However little he willed it, when Chang Ping--lin repeated these words of Chang Hsveh-ch’eng 章学诚, he made the part of the history of the dissipation of Confucianism.
The historical thinking in Chinese culture was concerned typically Not with process but with permanence, with the illustration of the fixed ideas of the Confucian moral universe.
History, then, by this reckoning, is a record from which a universal, timeless, abstract morality is distilled from particular, temporal material events. The Classical canon is the respository of those abstract principles which make such a reading of history possible. Su Hsvn苏洵, whose treatise on this subject was in the form of inquiry into the narrative of history, obviously had to call shih and ching correlative, not identical: not all histories were Classics. …… The idea of shih was indispensable to the idea of ching; and the idea of ching, as the ancient fountain-head of critical judgement - and not, therefore, subject to its appraisal - was indispensable to Confucian intellectual life.
The Classics were made of historical material, but the Classics themselves were not simply materials for the history of an age; they were texts for the age.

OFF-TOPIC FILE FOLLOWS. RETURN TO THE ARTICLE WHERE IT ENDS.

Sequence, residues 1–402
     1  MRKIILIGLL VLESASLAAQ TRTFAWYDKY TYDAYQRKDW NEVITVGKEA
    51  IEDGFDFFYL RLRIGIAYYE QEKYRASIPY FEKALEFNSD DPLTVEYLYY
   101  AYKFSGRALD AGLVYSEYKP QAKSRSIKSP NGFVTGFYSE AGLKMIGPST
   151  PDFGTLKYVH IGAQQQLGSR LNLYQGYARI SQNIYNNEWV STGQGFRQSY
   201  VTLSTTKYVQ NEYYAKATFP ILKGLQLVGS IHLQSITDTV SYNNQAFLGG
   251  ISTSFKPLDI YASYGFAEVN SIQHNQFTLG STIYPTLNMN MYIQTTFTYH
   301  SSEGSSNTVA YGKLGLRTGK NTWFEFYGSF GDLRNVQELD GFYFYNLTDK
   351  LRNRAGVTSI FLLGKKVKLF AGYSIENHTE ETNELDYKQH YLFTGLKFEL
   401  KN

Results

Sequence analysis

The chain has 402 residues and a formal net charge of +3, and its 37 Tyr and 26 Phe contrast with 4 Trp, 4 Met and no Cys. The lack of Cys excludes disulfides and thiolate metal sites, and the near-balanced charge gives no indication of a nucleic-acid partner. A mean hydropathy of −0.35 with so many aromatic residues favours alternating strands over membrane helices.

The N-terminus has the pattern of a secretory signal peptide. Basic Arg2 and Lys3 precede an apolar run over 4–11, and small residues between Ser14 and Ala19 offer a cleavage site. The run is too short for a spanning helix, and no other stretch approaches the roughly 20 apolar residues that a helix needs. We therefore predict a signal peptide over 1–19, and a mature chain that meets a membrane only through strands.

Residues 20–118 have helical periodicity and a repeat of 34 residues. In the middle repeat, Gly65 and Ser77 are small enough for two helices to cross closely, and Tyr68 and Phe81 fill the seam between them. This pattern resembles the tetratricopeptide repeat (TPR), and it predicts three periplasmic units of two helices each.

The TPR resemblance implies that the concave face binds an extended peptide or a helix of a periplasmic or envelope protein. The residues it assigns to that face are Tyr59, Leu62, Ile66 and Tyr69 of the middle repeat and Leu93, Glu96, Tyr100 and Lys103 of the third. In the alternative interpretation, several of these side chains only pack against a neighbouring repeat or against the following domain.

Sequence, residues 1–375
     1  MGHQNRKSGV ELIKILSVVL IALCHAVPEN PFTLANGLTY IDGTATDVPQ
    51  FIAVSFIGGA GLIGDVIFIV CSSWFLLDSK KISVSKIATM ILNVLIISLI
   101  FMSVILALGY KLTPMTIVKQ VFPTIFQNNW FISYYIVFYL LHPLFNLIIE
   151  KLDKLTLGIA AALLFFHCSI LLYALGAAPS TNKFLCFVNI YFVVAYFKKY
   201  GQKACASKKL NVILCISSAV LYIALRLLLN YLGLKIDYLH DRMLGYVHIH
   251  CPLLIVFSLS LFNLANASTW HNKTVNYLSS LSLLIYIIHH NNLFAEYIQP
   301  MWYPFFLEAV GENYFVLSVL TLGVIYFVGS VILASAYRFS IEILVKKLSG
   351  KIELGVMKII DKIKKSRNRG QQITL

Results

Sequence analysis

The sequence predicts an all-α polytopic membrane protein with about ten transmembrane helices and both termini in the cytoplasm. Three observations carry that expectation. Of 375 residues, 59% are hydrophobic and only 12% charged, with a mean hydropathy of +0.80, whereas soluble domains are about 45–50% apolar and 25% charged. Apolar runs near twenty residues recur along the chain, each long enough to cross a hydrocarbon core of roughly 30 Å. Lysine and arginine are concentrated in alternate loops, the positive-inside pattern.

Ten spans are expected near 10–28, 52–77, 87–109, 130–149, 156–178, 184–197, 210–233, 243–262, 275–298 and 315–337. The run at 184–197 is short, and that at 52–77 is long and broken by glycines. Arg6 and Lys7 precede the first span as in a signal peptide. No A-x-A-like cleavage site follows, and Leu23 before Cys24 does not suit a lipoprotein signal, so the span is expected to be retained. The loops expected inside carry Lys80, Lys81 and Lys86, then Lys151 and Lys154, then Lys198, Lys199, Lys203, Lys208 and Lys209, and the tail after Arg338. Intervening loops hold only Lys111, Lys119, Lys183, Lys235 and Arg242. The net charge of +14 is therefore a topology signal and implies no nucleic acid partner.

It the Classics were not supreme arbiters in modern times, they were not for the ages; and to say, then, that the Classics were history was not to fix their character in eternity, since their title to eternity was spurious. It was, instead, to pin the Classics to the age of their composition, that age alone, and to read them rather as documentation of a stage of a history in process of change, than as final truths which were anciently established and immanent in events and which thereby divested the idea of history of the very connotation of process.
The ku-wen school had won a faded laurel（桂冠）- the Classics were all history, all right - but (to put it another way) the Classics were not classics any more.